Younger Daughter’s Expat Story

Younger Daughter's expat story

Elder and Younger Daughters at Sentosa.

Today’s guest post was provided by Younger Daughter. I’m cheating with this one, because she wrote it for a school assignment shortly after we moved back to Canada. I like seeing our family’s expat story from an 11-year-old’s perspective, even though it’s slightly out of whack in places. (I loved the stores in Singapore? Um, really?  And unless you count knowing how to order restaurant meals and buy soccer tickets, we most definitely did not all become fluent in French. I’m looking at you, Chef Boyardee.)

We Became Expats

When I was 6 years old, my family was eating dinner and my dad announced something to us: he had been offered a promotion. Instead of smiling and laughing like he should have, my dad had a serious face. I still remember it clearly. My sister and I were confused. My dad continued, telling my sister and me that he would get this promotion on one condition. One BIG condition. That we would pack up everything in Canada and fly 15,000 km across the world to Singapore.

My sister and I didn’t understand what Singapore was since we were so young, and my dad explained that Singapore was very far away from Canada. We all agreed to move there on a 1-year contract. So we boarded the plane, ready for the 26 hour ride.

We all loved it in Singapore, my dad loved his job, my mom loved the scenery and the stores, and my sister and I loved our school. The year ended in no time, and my dad came home very happy, he was offered a longer term contract to stay in Singapore for 2 more years! We all agreed very quickly, but we missed our family back home.

When it was time to go back to Canada, my dad got offered ANOTHER promotion, but this time we had to move to Bordeaux, France. It looked like it was going to be a while until we went back to Canada. France was much harder to adapt to because of the language. Having to go to school in French and meeting French speaking people was a huge challenge for us. Even though our time in France was short, we all became fluent in French. We finally moved back to Canada in 2007, happy to be home after 5 years.

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About Maria

I'm a Canadian repatriate, former expat spouse, mother to two TCKs (and one yellow Lab), mentor to new immigrants, writer, reader, world traveller (grounded for now). I write about expat/repat issues and am still trying to figure out my place in the world.
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11 Responses to Younger Daughter’s Expat Story

  1. Out of the mouths of babes!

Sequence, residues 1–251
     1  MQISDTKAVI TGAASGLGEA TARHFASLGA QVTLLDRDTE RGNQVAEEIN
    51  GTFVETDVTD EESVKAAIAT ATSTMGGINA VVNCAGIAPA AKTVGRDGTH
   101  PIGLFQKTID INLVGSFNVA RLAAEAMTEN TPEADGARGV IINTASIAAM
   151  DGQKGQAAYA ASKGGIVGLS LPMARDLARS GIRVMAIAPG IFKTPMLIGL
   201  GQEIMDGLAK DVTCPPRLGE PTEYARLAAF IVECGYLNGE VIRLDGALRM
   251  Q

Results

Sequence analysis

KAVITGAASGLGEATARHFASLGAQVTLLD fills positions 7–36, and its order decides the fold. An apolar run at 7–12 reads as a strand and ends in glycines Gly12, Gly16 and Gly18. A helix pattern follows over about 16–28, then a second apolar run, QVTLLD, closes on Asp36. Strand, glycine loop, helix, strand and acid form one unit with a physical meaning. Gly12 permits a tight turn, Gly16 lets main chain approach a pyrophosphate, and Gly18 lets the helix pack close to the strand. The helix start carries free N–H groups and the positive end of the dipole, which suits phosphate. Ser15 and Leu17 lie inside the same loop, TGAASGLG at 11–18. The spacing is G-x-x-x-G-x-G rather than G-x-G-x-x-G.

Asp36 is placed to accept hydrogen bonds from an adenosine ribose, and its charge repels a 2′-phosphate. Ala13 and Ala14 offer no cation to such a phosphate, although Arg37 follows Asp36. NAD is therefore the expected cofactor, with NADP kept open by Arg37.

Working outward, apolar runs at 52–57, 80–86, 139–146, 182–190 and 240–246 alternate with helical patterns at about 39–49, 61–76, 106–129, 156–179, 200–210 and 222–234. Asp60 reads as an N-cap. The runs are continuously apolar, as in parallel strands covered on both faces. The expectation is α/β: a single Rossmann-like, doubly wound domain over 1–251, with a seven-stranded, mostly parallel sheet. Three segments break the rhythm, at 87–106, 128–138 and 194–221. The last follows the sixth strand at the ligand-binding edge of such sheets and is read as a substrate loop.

2. I love this! She wrote so well for an 11-year-old. I enjoyed how she had such a positive outlook. Of course these years abroad will shape her thinking and influence her life choices for ever.

  3. Sine says:

    Love this! What a treasure to have. Makes me want to sit my kids down right this minute and make them write an essay of their own. I might have to withhold dessert until they do it…

  4. naomihattaway says:

    I would be afraid of what they would write, if they sat down to write about their experiences 🙂 Maybe when they’re older! Loved her essay and of COURSE you loved the stores in Singapore!

  5. bookjunkie says:

    O my gosh. I was just posting about my memories from age 6. Absolutely love this essay from when your daughter was six. Just brilliant. Makes me think that children are so much more culturally adaptive and open to change.

    Children’s essays are just the best. I wish I had kept some of mine, just to recapture how I thought then.

    I have been missing your posts Maria. So happy that WordPress.com now allows WordPress.org users the same easy viewing on the dashboard when we log in. Previously couldn’t do this.

    • Maria says:

      I just read your school memories post! I loved it because it’s all so different from my childhood experience — very Singaporean. I’m glad my daughter has such sweet memories of that time in her life.

  6. Victoria says:

    This is a wonderful post. I love the perspective! Thank you for sharing. What an amazing opportunity your family has had! I’m sure it didn’t come without its challenges, but well worth it, I’ll bet.

  7. I like this post 🙂 I think it is so important that expat kids learn to tell their stories or to write them down. I’m sure it will even help them in the future. Have you heard of the book “Emotional Resilience and the Expat Child” by Julia Simens? It’s all about storytelling techniques that strengthen the global family.

    • Maria says:

      I’ve heard so much about that book — it’s in the queue on my iPad and I’m hoping to get to it soon. I agree with you about the importance of having kids write down their experiences. I wish I’d thought of it, but thankfully both my girls were able to document their TCK lives for school projects.

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